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Mass Market Paperback Year's Best SF 10 Book

ISBN: 0060575611

ISBN13: 9780060575618

Year's Best SF 10

(Part of the Year's Best SF (#10) Series and Year's Best SF Series)

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Format: Mass Market Paperback

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Book Overview

A banner year for speculative fiction has yielded a crop of superb short form SF. Now the very best to appear over the past twelve months has been amassed into one extraordinary volume by acclaimed editors and anthologists David G. Hartwell and Kathryn Cramer, offering bold visions of days to come that are bright, triumphant, breathtaking, and strikingly unique. Once more, celebrated masters of the field join with exciting new voices to sing of explorations...

Customer Reviews

5 ratings

Stories for Devoted SF Fans

Working my way backward through David Hartwell and Kathryn Cramer's Best SF series, I have just finished reading The Year's Best SF 10. I enjoyed most of these 23 stories although a couple left me wondering what I had missed. Like the "next" book in the series, The Year's Best SF 11, this one enhances the stories with well-written story introductions that contain author bios, pointers to other works, and author web addresses. Good references along with good reading. My five favorite stories all dealt with a deep love that one character feels for another. This was not a theme of the overall collection, nor a conscious criterion for choosing my top five. I only noticed it after selecting them and mentally reviewing the plotline of each. Bradley Denton's "Sergeant Chip" describes the bond between an intelligence-enhanced dog and his officer-master. When the moral fog of war closes in, Sergeant Chip's devotion is as important as his intelligence in making the right choices clear. Terry Bisson's "Scout's Honor" introduces us to an anthropologist who loves the subject she studies. This unfolding passion occurs along with a story of impending change in her life. It's just a matter of when. Gene Wolf's "Pulp Cover" is a love lost tale about a devoted employee who loses the boss's daughter to a smarter, wealthier, more charming and more handsome suitor. It's understandable that he regards this interloper as an opportunistic monster. It's less understandable that he is chillingly correct. Sean McMullen's "The Cascade" starts off as a one-night stand following a chance meeting between two science enthusiasts in a bar. It becomes something else. Love can mean never saying the most important thing. Brenda Cooper's "Savant Songs" describes an intimate relationship between a brilliant physicist, her devoted graduate assistant, and a customized artificial intelligence program. Sometimes growing knowledge of our selves makes relationships harder rather than easier. Janeen Webb's "Red City" and Steve Tomasula's "The Risk-Taking Gene as Expressed by Some Asian Subjects" didn't work for me. After I finished each of them, I was left with the feeling of a slow build to an abrupt ending. Both had main characters who achieved interesting insights. But nothing that seemed to justify the long trudge through the story. I'll admit that I just might have missed something in them. The writing, characterization and other elements seemed skillfully done--these are obviously talented authors. The stories just didn't come together. Your mileage may vary. And yes, I read this book on my iPhone Kindle app. It was no less fun than reading other story collections while sardined into a DC metro car or grinning mindlessly through the seventh speaker in some unmemorable government meeting. The iPhone was good cover; the stories were sanity-preserving medication. No complaints.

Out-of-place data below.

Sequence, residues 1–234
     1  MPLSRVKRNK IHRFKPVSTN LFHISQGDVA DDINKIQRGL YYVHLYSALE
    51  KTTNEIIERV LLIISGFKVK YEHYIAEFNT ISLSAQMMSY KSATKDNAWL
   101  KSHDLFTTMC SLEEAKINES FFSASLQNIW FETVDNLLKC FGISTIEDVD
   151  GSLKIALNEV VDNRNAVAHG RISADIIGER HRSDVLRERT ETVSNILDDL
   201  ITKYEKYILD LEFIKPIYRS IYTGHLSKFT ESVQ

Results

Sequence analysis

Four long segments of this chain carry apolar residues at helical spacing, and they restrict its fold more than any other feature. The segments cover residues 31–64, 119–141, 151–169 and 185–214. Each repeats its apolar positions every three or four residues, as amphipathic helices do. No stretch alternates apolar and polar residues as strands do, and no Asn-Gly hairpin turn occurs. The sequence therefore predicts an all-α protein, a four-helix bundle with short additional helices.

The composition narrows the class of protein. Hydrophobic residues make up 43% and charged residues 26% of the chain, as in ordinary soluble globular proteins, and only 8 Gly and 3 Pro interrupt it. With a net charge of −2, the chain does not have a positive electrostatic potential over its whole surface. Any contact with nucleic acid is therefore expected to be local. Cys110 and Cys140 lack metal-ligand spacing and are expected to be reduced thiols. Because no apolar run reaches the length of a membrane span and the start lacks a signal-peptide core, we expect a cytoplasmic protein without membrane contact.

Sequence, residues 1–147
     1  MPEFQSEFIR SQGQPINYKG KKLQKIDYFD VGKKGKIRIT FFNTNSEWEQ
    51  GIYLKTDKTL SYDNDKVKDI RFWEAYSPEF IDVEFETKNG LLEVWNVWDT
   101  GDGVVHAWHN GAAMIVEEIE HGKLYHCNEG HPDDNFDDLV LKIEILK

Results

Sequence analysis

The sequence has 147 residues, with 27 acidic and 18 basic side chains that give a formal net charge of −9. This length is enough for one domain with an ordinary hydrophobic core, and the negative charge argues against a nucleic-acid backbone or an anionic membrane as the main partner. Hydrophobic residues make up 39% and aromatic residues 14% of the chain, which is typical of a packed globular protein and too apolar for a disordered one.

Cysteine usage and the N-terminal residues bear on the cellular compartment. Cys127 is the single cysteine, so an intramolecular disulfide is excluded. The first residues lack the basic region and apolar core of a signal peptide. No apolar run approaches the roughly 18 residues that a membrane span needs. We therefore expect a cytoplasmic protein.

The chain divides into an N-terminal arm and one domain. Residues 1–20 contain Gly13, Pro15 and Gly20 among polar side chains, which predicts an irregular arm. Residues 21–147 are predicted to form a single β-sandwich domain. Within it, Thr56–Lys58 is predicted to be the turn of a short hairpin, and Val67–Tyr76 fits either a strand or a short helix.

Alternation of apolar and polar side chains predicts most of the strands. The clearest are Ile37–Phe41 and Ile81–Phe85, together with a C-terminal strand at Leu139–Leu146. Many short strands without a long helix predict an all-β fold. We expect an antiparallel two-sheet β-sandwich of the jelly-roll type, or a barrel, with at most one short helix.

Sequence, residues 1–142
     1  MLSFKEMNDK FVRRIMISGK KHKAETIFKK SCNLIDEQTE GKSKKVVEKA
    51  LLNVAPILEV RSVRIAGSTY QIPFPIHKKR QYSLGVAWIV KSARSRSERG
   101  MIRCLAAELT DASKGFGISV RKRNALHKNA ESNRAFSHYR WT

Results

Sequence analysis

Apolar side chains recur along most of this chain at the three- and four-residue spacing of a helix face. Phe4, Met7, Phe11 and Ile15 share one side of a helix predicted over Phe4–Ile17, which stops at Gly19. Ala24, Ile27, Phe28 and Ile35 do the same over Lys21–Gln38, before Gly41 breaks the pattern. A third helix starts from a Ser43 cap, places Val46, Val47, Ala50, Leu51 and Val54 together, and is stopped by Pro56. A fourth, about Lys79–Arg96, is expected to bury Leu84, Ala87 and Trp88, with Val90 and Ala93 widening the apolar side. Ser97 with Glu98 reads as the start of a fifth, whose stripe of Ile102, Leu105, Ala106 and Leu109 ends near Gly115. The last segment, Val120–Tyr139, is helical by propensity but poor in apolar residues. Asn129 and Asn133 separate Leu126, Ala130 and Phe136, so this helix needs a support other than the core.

Not Free SF Reader